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All About Fonts

- PostScript Fonts

- TrueType Fonts

- OpenType Fonts

- How do I know which type of font I am using?

- How do I make sure I'm sending the correct fonts to my printer?

- Links & Resources


PostScript® Fonts

PostScript fonts have two important files. Each of these files must be present in order to render the font properly both on screen and in print.

PostScript "Screen" Font

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*The Red and Blue lines show the relationship between the two parts of the PostScript fonts.

The "screen" font is a font suitcase containing all the information necessary to render a scalable font on your computer monitor. Often the name of this file will be the full font name (Futura-Bold). In addition to this screen font you must also include the linked printer font (the blue and red lines show the relationship between two printer and screen fonts).

The two "screen" PostScript fonts in this example are Futura-Bold and Futura-Book.

Note: The description for the "Kind" attribute in the Preview pane (on the right in the image) is "Font Suitcase."

   

PostScript "Printer" Font

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*The Red and Blue lines show the relationship between the two parts of the PostScript fonts.

The "printer" font contains vector outlines of the font and is often named with an abbreviation of the full font name (FuturBol). In addition to this printer font you must also include the linked screen font (the blue and red lines show the relationship between two printer and screen fonts).

The two "printer" PostScript fonts in this example are FutuBo (linked to Futura-Bold) and FuturBoo (linked to Futura-Book).

Note: The description for the "Kind" attribute in the Preview pane (on the right in the image) is "PostScript Type 1 outline font."

When you use a PostScript font in your design, make sure you include each of these files with your output. This is quite easy to do in InDesign. See "Sending the Correct Fonts to your Printer" below.


TrueType® Fonts

TrueType fonts were designed to eliminate the need for multiple files. They incorporate all three files from the PostScript fonts into one file.

TrueType Fonts

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TrueType fonts will only be one file.

When packaging your file, you will not see two files for each font as you will when you use PostScript fonts. The two TrueType fonts used for this example are Futura-CondensedMedium and Futura-MediumItalic

Note: The description for the "Kind" attribute in the Preview pane (on the right in the image) is "Font Suitcase." This is the same as with a PostScript font. To tell the difference between the two, see "Knowing Which Fonts are PostScript, TrueType or OpenType" below.

 


OpenType® Fonts

OpenType was built on TrueType and also contains, in one file, all the information necessary to render fonts correctly both on screen and in print. It's main benefit is that it is cross-platform. The same file will work on both a Windows and Macintosh system. OpenType fonts with the .otf extension contain PostScript information while those with the .ttf extension are TrueType-based. For more information on OpenType fonts visit the Adobe Fonts website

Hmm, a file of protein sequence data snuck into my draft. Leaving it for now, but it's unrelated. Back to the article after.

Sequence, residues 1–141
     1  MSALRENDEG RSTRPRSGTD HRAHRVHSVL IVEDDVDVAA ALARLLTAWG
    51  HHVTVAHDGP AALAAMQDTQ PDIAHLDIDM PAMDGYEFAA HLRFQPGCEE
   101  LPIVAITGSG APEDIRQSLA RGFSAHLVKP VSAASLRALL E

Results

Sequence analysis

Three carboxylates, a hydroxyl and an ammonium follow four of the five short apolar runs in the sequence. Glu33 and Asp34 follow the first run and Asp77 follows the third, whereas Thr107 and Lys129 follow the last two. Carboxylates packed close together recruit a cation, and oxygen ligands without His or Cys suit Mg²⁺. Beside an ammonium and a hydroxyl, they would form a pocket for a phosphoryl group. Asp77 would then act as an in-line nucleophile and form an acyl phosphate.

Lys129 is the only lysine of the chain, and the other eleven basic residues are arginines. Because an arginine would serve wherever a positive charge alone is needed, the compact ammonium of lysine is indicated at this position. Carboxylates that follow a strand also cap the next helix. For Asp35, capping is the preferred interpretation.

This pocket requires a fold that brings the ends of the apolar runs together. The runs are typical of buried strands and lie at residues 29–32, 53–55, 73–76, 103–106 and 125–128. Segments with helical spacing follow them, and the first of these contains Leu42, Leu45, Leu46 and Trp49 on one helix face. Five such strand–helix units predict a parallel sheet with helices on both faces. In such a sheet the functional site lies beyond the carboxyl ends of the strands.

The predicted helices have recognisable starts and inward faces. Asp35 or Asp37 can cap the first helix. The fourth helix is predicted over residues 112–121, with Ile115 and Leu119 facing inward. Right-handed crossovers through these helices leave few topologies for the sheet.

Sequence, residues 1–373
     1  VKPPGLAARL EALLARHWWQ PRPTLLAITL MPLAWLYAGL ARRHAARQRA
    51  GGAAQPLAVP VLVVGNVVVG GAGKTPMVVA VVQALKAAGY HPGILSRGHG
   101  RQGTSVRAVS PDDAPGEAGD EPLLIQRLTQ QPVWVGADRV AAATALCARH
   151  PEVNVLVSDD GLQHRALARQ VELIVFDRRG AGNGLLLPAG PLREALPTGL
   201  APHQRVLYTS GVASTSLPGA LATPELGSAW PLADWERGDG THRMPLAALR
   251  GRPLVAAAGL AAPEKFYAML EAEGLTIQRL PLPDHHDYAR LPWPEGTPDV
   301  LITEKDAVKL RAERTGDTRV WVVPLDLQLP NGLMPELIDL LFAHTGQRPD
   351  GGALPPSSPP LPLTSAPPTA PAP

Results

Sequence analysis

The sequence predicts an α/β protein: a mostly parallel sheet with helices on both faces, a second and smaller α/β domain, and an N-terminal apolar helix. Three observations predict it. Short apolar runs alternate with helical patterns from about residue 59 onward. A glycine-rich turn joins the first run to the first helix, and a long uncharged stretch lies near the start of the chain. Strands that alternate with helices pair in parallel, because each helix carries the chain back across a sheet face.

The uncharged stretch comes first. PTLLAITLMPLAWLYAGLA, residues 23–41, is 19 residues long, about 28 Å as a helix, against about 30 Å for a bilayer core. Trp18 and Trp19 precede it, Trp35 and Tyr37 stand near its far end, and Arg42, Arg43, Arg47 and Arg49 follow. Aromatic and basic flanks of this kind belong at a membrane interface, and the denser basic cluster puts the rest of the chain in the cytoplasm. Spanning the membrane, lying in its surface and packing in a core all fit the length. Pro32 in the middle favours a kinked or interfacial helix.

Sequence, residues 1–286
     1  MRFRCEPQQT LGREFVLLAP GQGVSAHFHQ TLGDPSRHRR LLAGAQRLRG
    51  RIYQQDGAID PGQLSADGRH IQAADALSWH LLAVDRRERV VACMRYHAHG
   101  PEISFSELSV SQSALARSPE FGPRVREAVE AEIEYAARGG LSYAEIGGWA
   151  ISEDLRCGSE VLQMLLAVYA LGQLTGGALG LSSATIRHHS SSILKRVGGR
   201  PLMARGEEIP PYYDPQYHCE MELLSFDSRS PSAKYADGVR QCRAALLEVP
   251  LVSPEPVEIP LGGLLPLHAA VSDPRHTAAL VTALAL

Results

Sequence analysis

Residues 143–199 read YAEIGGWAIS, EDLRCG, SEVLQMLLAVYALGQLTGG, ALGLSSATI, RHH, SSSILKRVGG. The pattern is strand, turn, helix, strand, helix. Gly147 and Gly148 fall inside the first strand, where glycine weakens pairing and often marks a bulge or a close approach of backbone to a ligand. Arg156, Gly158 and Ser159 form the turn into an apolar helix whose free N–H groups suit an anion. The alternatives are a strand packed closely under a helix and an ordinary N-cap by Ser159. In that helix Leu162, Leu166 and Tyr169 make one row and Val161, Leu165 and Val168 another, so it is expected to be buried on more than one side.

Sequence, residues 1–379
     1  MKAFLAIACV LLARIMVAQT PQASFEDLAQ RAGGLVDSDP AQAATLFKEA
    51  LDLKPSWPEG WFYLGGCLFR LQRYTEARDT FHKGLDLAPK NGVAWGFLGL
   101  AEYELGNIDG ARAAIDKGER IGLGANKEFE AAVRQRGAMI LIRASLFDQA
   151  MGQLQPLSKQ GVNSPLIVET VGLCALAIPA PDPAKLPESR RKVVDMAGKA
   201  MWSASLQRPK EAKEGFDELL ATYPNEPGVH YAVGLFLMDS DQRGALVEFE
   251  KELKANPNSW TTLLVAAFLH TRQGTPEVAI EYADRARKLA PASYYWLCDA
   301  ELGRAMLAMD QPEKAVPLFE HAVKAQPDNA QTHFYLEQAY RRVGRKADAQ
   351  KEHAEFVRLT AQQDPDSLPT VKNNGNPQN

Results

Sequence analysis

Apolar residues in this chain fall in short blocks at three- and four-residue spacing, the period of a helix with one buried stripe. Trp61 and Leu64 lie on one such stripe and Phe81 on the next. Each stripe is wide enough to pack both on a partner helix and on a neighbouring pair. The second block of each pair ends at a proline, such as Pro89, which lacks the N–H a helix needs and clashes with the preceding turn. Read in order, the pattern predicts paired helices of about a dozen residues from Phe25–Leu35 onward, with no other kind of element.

OpenType Fonts

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OpenType fonts are only one file and have a .otf extension.

When packaging your file, you will not see two files for each font as you will when you use PostScript fonts. The two OpenType files used in this example are ACaslonPro-Bold.otf and ACaslonPro-Regular.otf.

Note: The description for the "Kind" attribute in the Preview pane (on the right in the image) is "OpenType Font"

 


Knowing which fonts are PostScript, TrueType, or OpenType

You can tell what most font types are by looking at the extension.

Mac

Windows

  • .ttf = TrueType
  • .otf = OpenType with PostScript Content
  • .dfont = a version of TrueType
  • No extension = PostScript (either screen or printer)
  • .ttf = TrueType
  • .otf = OpenType with PostScript Content
  • .pfb and .pfm = PostScript
  • .CompositeFont or .cff = compressed .pfb and.pfm PostScript files
  • .fon = For use in on-screen menus and Graphical User Interface (GUI). NOT for printing

Another, more visual, way to tell which type of font you are using InDesign is to open your file and click Type > Find Font...

A window listing all the currently used fonts will open. It may look something like this:

InDesign: Type > Find Font...


In the above example, six fonts are used. These are the same fonts used in the other examples given on this webpage.

The OpenType fonts appear with an "O" icon next to them, the PostScript fonts have a red "a" icon and the TrueType font icon has a gray and a blue "T."

A third way to tell is by using font management software, such as Suitcase Fusion. Such programs should list the type of font next to it's name.


Sending the Correct Fonts to your Printer

The File > Package... command in InDesign will create a folder containing all the information necessary for a commercial pritner to print your document. Inside this folder will be another folder for fonts, and one for links (images). Sending your printer this folder will bring you one step closer to being Prepress' new best friend.


More Information